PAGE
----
All around them the baying started. It came from everywhere and nowhere, chilling their blood and driving the cold into their bones like claws. Glory snatched Milet up into her arms, every instinct in her body telling her to run. Phoenix pulled on the rope as he struggled to do just that. The cat retreated until he bumped up against her leg, his ears laid back in fear. Without a guide, they could have been running right into whatever was hunting them. Glory grabbed the rope holding Phoenix to Milet and pulled him into their little huddle as the sinuous shadows twisted closer. What had Soter said about watching the cat and him keeping them safe? So much for that idea! He seemed to be taking shelter right under her feet.
A dark form loomed above them. A truncated tentacle morphed into something like the muzzle of a dog. Its maw gaped open in multiple directions as jaws unhinged, revealing a throat lined with slime coated spines. It smashed into the nacreous bubble which formed around them as if in response to the thing’s proximity. The thin shell held, but the impact rattled her from the talisman outwards.
What else had Soter said? Keep their destination in mind, or something to that effect. Did it even matter if she’d never visited Ulthar before? She concentrated on reaching Atal even as another thing launched itself at them from different direction, driving the breath from her lungs. The creatures rained blows down on their protection, their forms changing with every glimpse, a tentacle here, a clawed limb there, spattering Glory and her companions with ichorous sea-green slime which fell through the bubble unhindered.
Glory grew numb with the blows and knew with certainty that the protection Atal had provided would not last forever. Tamash had carried them through the darkness unhindered, and was she not his sister? These things, whatever they were, didn’t pose a threat to him, even in his apparently weakened state. So why was she cowering in the dark? She put all her efforts into reaching Ulthar, ignoring the pain which radiated into her limbs. The howling and gibbering of the things stopped abruptly as if a switch had been thrown.
There was no sense of movement beyond a lurch in her stomach as they were suddenly catapulted into a wall of gray stone and flickering torchlight. It barely registered as the chanting in the room stopped with shouts and a door slammed. Glory groaned, releasing her companions and sliding to the floor. She felt bruised in every part of her body. Millet hit the floor and looked up in confusion, wrapping her arms around the cat which mewed pitifully, its fur matted with the revolting slime of the things in the dark. Phoenix moaned and crawled away, pressing himself into the wall and shuddering with horror.
Glory blinked as robed men and women plucked at her arms and lifted her head to peer into her eyes. She stood unsteadily as they helped her up and walked where they seemed to want her to go, too tired and befuddled to even comprehend that she had made it safely to Ulthar without losing anyone. At the center of the room stood a wizened man looking older than the rocks from which the room had been built. He watched as she was led from the room.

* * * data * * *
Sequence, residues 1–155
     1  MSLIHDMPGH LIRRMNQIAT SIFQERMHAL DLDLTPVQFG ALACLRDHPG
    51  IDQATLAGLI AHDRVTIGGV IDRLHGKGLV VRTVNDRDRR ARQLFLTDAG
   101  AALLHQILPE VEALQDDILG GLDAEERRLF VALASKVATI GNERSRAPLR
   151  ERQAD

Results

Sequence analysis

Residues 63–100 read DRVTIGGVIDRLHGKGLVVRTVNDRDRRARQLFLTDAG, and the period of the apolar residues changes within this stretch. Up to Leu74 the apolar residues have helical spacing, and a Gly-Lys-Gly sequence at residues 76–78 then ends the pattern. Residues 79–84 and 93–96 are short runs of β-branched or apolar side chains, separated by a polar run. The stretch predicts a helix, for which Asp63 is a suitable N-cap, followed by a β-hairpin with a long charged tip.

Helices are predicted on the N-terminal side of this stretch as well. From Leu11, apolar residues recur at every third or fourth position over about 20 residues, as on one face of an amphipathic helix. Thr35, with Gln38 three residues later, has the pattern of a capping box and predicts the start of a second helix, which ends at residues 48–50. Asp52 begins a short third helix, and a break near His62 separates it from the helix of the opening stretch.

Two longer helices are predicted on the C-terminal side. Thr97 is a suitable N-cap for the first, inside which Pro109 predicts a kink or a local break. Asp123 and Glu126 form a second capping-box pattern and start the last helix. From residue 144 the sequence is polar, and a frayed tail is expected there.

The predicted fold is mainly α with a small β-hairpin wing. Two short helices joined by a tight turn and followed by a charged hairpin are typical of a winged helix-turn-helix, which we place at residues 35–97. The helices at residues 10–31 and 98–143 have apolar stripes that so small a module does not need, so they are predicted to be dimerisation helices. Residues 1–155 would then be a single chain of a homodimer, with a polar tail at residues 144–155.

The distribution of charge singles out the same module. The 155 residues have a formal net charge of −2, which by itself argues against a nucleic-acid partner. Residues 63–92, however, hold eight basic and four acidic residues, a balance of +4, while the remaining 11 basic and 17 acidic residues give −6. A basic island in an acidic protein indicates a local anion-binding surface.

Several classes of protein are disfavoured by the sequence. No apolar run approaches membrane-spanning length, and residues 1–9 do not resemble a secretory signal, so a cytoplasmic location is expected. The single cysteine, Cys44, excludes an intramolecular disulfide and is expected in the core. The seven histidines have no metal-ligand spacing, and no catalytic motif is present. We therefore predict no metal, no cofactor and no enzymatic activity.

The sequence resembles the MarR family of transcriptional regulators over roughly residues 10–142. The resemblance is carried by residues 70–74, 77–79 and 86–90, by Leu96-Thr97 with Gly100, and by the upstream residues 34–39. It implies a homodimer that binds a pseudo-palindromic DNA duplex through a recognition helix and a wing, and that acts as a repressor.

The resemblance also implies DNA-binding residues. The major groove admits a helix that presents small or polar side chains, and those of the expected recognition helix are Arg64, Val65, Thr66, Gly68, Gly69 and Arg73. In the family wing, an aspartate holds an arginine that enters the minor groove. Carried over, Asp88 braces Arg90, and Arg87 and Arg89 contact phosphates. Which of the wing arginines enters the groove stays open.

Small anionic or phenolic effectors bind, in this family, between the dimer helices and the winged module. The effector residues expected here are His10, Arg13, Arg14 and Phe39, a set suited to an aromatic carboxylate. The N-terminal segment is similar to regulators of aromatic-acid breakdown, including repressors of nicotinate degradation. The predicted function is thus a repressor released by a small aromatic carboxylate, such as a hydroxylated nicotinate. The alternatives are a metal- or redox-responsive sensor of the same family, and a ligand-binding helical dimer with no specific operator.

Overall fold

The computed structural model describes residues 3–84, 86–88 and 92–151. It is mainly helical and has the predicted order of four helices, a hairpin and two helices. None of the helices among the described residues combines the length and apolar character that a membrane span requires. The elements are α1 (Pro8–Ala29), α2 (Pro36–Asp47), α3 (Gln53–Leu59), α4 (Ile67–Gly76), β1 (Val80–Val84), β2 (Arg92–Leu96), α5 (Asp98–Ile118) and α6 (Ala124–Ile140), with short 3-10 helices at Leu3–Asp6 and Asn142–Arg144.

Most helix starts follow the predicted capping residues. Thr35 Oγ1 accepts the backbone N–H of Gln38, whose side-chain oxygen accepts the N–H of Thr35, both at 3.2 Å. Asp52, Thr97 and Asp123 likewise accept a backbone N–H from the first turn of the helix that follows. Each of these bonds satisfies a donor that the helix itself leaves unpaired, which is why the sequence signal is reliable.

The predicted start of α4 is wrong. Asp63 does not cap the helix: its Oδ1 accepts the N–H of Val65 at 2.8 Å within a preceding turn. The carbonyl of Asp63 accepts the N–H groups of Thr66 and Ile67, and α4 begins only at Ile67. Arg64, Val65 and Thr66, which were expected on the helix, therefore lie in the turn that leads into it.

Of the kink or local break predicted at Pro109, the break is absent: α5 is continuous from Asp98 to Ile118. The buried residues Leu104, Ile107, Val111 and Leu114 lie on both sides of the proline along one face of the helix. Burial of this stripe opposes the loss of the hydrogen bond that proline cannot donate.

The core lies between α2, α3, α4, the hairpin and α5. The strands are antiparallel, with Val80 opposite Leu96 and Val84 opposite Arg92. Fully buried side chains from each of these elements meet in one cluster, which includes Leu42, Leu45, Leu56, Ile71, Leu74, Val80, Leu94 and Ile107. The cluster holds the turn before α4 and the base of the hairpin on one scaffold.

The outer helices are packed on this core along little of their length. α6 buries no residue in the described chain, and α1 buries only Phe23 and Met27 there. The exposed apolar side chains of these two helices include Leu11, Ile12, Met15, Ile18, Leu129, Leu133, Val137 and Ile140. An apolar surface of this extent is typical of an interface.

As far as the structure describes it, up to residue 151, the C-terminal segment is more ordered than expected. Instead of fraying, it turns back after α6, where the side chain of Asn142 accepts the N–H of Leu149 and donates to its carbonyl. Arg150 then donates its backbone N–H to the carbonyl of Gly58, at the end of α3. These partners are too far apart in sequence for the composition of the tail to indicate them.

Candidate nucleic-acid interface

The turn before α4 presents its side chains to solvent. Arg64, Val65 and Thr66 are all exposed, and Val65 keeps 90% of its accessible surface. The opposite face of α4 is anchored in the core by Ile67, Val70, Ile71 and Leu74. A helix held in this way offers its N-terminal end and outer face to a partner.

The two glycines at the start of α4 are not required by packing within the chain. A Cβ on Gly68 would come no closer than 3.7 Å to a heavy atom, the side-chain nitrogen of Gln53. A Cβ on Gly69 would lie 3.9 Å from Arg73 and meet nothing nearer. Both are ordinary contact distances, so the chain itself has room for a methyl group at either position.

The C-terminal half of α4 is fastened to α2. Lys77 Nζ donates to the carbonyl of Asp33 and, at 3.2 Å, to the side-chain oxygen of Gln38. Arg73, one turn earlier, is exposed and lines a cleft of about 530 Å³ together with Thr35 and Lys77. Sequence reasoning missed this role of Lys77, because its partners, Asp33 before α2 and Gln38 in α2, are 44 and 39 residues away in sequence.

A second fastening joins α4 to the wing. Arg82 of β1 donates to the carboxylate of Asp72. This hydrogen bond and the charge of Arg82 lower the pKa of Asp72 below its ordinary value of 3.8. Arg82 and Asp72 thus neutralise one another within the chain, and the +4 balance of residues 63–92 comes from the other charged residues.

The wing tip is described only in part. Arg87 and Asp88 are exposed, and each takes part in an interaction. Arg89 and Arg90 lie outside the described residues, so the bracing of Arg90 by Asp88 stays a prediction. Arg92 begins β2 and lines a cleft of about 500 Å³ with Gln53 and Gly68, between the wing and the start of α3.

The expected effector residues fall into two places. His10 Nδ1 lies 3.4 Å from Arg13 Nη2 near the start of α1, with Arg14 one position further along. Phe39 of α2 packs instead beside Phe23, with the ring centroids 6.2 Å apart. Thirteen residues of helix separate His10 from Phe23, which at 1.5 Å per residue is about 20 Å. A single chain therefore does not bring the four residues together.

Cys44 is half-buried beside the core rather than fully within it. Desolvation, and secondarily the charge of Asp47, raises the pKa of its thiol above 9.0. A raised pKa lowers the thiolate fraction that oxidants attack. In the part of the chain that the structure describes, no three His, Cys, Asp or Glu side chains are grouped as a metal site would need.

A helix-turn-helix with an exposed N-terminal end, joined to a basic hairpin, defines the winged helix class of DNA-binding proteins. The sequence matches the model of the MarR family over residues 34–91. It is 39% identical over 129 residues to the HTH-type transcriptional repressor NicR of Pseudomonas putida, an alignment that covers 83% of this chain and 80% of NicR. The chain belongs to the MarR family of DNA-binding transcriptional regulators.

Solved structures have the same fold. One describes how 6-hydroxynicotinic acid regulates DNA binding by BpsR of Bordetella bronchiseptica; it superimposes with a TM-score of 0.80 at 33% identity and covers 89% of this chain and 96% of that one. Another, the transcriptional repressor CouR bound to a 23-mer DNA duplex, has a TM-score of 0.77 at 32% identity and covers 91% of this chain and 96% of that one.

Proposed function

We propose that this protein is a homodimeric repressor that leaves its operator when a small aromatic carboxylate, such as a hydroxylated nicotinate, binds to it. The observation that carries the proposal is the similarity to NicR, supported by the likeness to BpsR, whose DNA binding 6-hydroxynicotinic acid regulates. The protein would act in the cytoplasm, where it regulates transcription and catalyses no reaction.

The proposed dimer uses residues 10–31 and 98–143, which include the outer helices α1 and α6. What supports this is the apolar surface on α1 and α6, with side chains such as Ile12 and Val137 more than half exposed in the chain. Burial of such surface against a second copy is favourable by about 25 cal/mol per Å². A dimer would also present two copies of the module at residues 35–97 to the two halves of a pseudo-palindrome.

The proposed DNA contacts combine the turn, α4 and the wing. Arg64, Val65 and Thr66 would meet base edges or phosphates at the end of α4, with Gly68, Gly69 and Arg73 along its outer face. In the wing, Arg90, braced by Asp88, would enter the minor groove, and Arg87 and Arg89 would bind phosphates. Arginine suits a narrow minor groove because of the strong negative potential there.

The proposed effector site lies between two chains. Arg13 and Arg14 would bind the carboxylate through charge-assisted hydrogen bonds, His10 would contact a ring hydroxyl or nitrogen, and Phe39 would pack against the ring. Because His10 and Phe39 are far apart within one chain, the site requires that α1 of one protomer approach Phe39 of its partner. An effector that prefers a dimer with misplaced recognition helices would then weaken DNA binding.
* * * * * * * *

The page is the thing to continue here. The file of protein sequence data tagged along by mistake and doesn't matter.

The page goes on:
Glory sat up in bed with a gasp and looked all around. A small lamp kept the darkness at bay but otherwise she was alone in a room without windows. Her clothes had been changed for simple robes, and though her hair felt matted and coarse, someone had gotten the slime off her hands and face at least.
She pushed the blankets off and stood, ready to sit again if she felt at all weak or dizzy, but she did not. However long she had rested had been enough to restore her completely. Worry for Milet and Phoenix drove her out the open door where she almost immediately ran into a robed woman carrying a pitcher, her long hair pulled back in a thick braid down her back.
The woman gaped at her before pulling herself together. “I’m sorry. We did not expect you to be awake so soon!”
“My friends?” Glory asked anxiously.
The woman smiled. “They’re fine,” she said, motioning for Glory to follow her.
Even without the woman’s help, she would have found her companions quickly. They were only a few rooms away. The cat lay curled up in a ball on Milet’s pillow, and the girl lay sleeping peacefully enough. Phoenix wore a pinched expression when she looked in on him, his fingers clenched in his blanket as if it was the only thing keeping him safe.
“You must be tired,” the woman said, trying to lead her back to her room. “Master Atal asked that you be brought to him as soon as you woke, but dawn is still hours away. Your concern for your companions is admirable, but I‘m sure the Master would not think it amiss if you went back to bed.”
“I thought our journey would take all night,” Glory replied absently.
“Yes, Master Atal was amazed at how quickly you arrived and relieved that none of you were lost to the Hounds,” the woman said.
Glory shivered, feeling more awake than ever. “I wouldn’t want to wake him,” she murmured.
“Oh, the Master is not sleeping,” the woman said with a smile, as she put a hand on Glory’s arm to lead her back to her room. “He will be up in the observatory watching the movement of the stars. He will not come down until the sun rises and even then he will only meditate till noon before rising.”
“Then, you should probably take me to him,” Glory said with a sigh. “I won’t be able to sleep any more anyway.”
The woman‘s face betrayed her concern, but she nodded and turned to lead Glory back the way she had come. They climbed staircase after staircase, meeting fewer people the higher they went. The walls were decorated with murals and tapestries. Friezes depicted epic stories that in other circumstances, she would have been eager to ask about. She still regretted not having the time to explore the library in Kadatheron.